Sunday, December 11, 2011

A weak field, but so what?

There continues to be a great deal of discussion regarding the weakness of the Republican field for the Presidential nomination. And to an extent, such discussion--following from such criticism--is fair. After all, the field includes a Northeastern pseudo-conservative, a know-it-all flip-flopping K-street insider, and an apparent creationist, given to making insensitive remarks. And those are the supposed front-runners, the "serious" candidates.

But here's the thing: the Office of President is about leadership, it's about overriding--not specific--issues, and it's about having a path forward. As much as we would like to know with certainty where candidates are on these things, we often can't. Too many times we think we know, only to be proven wrong by the candidate in short order.

Witness the quite divergent Presidencies of Democrats Bill Clinton and Jimmy Carter. One oversaw an economic boom--something that was mostly a consequence of Clinton knowing to stay out of the way--while the other was there for a downward spiral that led to the coining on the term "stagflation." And make no mistake, Carter's policies were part of the problem. One managed to be the leader of the Free World, the other stumbled like a buffoon, in that regard. Yet, looking back at their candidacies, both were credited with having strong intellects, with possessing political acumen, and--by those on the left--with positions consistent with social justice, with a willingness to meaningfully address these core issues.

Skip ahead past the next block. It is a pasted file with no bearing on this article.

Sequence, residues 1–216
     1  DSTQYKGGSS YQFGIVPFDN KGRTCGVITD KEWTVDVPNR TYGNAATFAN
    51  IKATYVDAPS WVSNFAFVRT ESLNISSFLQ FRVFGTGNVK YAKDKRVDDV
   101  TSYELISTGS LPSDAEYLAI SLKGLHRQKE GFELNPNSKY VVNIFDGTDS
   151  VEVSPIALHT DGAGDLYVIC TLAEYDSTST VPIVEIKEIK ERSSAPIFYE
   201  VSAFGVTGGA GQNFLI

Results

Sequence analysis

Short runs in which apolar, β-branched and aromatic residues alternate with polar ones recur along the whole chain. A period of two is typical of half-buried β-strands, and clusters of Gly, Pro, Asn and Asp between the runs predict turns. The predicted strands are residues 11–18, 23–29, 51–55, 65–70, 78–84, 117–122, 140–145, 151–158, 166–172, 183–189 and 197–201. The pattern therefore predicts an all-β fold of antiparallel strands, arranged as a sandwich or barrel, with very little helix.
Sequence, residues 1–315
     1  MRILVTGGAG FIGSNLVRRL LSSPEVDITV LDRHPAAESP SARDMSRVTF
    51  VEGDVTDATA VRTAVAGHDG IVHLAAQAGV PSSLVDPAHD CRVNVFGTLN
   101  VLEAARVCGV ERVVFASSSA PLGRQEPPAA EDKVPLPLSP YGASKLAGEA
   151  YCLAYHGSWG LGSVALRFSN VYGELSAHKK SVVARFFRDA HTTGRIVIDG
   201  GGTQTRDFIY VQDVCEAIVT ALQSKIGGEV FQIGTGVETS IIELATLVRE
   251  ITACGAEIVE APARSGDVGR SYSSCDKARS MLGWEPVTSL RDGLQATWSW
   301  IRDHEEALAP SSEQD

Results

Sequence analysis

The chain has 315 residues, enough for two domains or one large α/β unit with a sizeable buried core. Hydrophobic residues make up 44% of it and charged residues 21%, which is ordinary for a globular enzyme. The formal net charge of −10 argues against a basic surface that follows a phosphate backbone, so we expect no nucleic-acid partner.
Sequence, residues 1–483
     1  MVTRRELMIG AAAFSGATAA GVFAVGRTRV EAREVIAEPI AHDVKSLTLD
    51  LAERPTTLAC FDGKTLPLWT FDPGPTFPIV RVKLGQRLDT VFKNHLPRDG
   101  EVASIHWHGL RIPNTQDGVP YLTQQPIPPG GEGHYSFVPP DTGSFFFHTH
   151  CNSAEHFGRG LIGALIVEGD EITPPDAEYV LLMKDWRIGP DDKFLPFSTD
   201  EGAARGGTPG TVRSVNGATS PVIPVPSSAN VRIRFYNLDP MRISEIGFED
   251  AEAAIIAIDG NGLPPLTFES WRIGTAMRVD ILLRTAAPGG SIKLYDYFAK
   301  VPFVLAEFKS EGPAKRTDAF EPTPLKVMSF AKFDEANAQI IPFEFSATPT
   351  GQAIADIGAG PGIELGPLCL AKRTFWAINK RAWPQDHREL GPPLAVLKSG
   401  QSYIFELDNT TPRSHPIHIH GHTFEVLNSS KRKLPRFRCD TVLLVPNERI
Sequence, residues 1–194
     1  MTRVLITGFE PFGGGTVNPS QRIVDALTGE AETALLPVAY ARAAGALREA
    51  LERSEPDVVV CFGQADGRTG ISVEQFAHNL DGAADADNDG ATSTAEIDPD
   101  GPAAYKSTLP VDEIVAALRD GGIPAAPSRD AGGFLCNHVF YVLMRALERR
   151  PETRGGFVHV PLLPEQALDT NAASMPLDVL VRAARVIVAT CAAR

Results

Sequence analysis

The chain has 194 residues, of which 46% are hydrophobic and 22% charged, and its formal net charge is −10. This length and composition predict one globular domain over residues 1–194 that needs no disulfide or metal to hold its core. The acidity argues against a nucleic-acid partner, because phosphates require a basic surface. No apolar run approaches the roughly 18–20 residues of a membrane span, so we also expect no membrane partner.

Bill Clinton served two terms and had it not been for his sex drive, would have left office with a record of successes rivaling any recent President. Carter was out after one and his bungling led to a new faction in the Democrat Party--Reagan Democrats--that easily carried Reagan into office with huge electoral numbers, rarely seen (the most electoral votes ever received by one candidate, in fact).

And let's remember that Reagan, himself, was seen as weak by many, as a bit of a joke candidate. No doubt--if he were running today--the Republican field would still be "weak" to most people. This is not to suggest that there's a Reagan lurking in the field. It's certainly possible (I'd humbly suggest that Bachmann is the most plausible in that regard), but not really the point. Which is that the weakness of the current President makes the issue irrelevant.

After all, just three days ago, the President said this:
I know the suggestion right now is, is that somehow, well, this Keystone issue will create jobs. That's being determined by the State Department right now, and there is a process. But here's what I know: However many jobs might be generated by a Keystone pipeline, they're going to be a lot fewer than the jobs that are created by extending the payroll tax cut and extending unemployment insurance.
Extending unemployment insurance creates jobs? That claim is so laughable, it's not even worth addressing. It's nonsensical blathering that indicates a complete lack of understanding, with regards to how the economy--or any economy--actually functions. Moreover, Obama presents his point as an either/or proposition, which  is equally laughable.

How strong does a Republican candidate really need to be, in order to be better than that?

Cheers, all.

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